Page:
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## Homework Statement

Give a proof by Mathematical Induction of the following:

For all integers n>=3, (n^2 - 3n + 2) is positive.

## Homework Equations

## The Attempt at a Solution

Hey guys, this is a problem from my discrete mathematics study guide. Here's what I got so far:

Proof: n-initial=3

Basis step: If n=3, then LHS=3 and RHS = (3^2 - 3(3) + 2) = 2 -> positive

Induction: Assume that (n^2 - 3n + 2) is positive for arbitrary n>=3

Now I'm not sure about how to actually go about the proof. I understand that we then show the induction hypothesis working for n+1 but I'm not sure how to put this together.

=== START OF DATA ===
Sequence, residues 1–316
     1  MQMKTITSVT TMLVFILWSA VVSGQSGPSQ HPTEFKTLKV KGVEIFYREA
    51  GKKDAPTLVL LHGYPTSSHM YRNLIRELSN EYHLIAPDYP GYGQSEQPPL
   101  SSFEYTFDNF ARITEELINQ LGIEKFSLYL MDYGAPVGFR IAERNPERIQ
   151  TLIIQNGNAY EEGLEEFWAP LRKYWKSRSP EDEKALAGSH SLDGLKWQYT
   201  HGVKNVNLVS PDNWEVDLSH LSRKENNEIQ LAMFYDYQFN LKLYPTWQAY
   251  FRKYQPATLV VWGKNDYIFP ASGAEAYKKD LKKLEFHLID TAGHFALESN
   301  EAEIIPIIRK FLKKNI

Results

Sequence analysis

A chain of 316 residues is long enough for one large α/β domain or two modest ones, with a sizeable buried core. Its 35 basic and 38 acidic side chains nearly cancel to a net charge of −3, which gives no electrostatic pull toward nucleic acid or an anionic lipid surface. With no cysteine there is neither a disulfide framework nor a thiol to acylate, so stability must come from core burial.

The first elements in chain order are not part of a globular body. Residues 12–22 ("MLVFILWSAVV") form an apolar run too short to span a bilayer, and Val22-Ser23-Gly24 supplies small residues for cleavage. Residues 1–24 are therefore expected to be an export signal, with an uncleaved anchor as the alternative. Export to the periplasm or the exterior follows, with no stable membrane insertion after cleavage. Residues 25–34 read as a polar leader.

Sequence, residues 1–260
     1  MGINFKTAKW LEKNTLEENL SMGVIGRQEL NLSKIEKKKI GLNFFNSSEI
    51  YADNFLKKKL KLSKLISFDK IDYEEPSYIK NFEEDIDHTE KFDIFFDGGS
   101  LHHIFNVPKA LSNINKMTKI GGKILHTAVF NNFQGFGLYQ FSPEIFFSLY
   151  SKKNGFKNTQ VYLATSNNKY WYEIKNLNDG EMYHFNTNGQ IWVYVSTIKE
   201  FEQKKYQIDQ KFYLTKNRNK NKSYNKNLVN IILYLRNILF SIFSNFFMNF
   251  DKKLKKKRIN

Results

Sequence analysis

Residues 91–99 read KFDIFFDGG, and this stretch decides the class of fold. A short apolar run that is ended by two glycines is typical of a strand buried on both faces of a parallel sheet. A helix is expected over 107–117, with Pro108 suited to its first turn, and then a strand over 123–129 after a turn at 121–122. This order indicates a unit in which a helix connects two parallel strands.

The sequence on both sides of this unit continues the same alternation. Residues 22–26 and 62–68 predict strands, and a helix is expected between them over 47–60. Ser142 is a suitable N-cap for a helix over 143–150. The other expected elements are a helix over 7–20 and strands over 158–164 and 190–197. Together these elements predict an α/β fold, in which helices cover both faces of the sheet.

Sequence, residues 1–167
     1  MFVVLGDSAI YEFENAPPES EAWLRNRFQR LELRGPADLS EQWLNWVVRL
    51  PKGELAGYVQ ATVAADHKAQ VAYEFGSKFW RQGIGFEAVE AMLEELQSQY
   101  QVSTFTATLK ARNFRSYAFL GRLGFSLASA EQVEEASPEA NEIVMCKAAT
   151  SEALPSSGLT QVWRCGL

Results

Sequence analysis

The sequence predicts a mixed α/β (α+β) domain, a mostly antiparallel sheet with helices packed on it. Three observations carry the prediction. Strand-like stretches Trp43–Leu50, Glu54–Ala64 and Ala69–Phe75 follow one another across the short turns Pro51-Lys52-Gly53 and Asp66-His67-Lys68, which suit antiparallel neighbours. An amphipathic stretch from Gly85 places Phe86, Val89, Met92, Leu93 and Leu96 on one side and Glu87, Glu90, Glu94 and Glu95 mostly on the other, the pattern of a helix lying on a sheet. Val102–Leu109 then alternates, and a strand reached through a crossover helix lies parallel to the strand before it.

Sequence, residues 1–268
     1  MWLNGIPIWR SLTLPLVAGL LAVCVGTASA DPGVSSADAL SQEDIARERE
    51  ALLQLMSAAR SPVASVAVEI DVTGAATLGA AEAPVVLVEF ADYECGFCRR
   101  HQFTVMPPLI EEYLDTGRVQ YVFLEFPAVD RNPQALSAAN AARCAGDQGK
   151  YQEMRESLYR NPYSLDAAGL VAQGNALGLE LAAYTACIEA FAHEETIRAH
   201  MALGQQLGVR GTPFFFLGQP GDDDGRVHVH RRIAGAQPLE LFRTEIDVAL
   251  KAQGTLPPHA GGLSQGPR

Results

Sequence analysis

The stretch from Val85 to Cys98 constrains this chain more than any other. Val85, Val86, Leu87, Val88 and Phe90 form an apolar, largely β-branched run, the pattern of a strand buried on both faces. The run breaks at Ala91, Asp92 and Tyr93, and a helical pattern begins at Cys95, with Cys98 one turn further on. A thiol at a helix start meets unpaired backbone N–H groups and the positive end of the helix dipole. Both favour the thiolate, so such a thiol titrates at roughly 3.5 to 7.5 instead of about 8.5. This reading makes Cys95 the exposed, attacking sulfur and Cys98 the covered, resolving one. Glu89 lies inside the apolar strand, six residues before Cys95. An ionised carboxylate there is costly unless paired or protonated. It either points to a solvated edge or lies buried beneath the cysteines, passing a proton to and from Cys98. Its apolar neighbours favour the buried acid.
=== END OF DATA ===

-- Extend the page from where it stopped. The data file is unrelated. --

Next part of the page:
Something like: (n+1)^2 - 3(n+1) + 2 = n^2 - n....

EDIT: I see, so then using (n^2 - n) and plugging in 3 I get (3^2 - 3 = 6) which is equal to (4^2 - 3(4) + 2 = 6) -> positive. Would this be a complete proof?

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